The thing about Wong Kar Wai is that you’re never sure if he’s just putting one over on you. He straddles the line between dreamy and brilliant and completely pointless. One moment you’re dazzled, the next, you’re wondering, wait a minute, am I bored and afraid to admit it? Wong’s latest, 2046, continues the story of the heartbroken Tony Leung character from In the Mood for Love as he doggedly persists in keeping his relationships as shallow sexual dalliances.
2046 is more visually interesting than In the Mood For Love and less tedious. Incoherent scenes from Leung’s science fiction story “2046” liven things up with some weird future-costumes and jarring LG product placement. Product placement in an art movie is weird enough, but LG? Yep, everything in the future is made by them, even if you’re writing your science fiction stories in 1966, before the company existed. Also, here we get cute Faye Wong and hot Zhang Ziyi instead of just Maggie Cheung. There is still a lot of song repetition but it is not as maddening as Mood.
However, the story is less focused and probably less moving. Because there is so little story, it’s awfully hard to tell where the story is going, and therefore, when it’s going to end. You start questioning how much time has gone by. As one woman leaves his life, and things take on an air of finality, you think, surely two hours have passed. You wait for the ending only to discover there’s half an hour left. Nothing really gets resolved, so you could pretty much end almost anywhere in the second hour if you really want to.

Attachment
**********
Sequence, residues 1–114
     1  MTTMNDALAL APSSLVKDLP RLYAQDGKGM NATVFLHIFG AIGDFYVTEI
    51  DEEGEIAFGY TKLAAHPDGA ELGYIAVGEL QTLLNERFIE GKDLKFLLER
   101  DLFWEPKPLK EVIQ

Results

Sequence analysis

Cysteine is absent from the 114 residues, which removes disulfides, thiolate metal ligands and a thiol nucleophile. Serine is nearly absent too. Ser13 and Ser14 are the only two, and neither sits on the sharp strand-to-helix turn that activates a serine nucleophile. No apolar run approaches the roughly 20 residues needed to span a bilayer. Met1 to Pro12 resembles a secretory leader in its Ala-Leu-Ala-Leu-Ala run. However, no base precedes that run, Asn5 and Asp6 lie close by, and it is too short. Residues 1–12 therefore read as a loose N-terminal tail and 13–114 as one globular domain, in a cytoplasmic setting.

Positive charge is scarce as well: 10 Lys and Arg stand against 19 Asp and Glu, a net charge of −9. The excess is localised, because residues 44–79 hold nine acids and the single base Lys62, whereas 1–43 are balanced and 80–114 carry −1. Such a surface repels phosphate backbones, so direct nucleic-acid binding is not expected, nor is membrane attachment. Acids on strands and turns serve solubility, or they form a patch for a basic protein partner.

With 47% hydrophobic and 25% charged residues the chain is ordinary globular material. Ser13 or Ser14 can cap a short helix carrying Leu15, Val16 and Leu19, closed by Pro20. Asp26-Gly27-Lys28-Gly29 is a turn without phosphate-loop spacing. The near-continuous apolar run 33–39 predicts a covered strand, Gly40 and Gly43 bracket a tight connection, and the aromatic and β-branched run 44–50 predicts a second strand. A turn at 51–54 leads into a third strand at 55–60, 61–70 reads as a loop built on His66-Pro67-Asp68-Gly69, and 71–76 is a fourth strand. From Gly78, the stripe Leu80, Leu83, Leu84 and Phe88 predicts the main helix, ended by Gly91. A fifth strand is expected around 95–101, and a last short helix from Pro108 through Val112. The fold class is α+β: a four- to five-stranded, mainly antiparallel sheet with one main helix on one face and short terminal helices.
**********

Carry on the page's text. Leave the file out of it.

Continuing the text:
2046 is shot by longtime Wong Kar Wai cinematographer Christopher Doyle, who always does excellent work, yet bores me more and more. In this, Mood, and the slightly Wong-Kar-Wai-like yet infinitely more boring Millenium Mambo, Doyle works more and more with a fixed camera and long lenses that flatten the depth of the picture. It makes for lovely compositions but kills any sense of space. Perhaps this is intended, but after awhile it becomes claustrophobic.
I much preferred the Christopher Doyle of Chungking Express and Fallen Angels, with the frantic handheld camera and wide-angle lens. It was rough and messy and relentlessly exciting, full of crashing swooping energy, so that when a scene snapped into stillness and slow motion, it meant something.
For that matter, I liked the Wong Kar Wai of those movies better too. The films were just as dreamy and lonely and sad, but they didn’t seem to take themselves too seriously. The characters were full of bizarre quirks that made sense only because they proclaimed them so matter-of-factly. They were quietly hilarious even as they were desperate and tragic. In Mood and 2046, that goofy sense of fun is practically gone (though, of the two, it's slightly more evident in 2046).
The cinematography and the pacing seem to have grown increasingly mannered. Another word might be monotonous.
Too bad. Those are the only four Wong Kar Wai movies I’ve seen, but I’m aware that Chungking and Angels are anomalies in his canon. They were shot as companion pieces, on comparatively rushed schedules, as a way of recuperating from a more arduous epic film. Perhaps Wong Kar-Wai’s more laborious efforts have always been more languid and less fun.
Compared to your average movie, 2046 is still beautiful and special. But does it have to feel like so much work?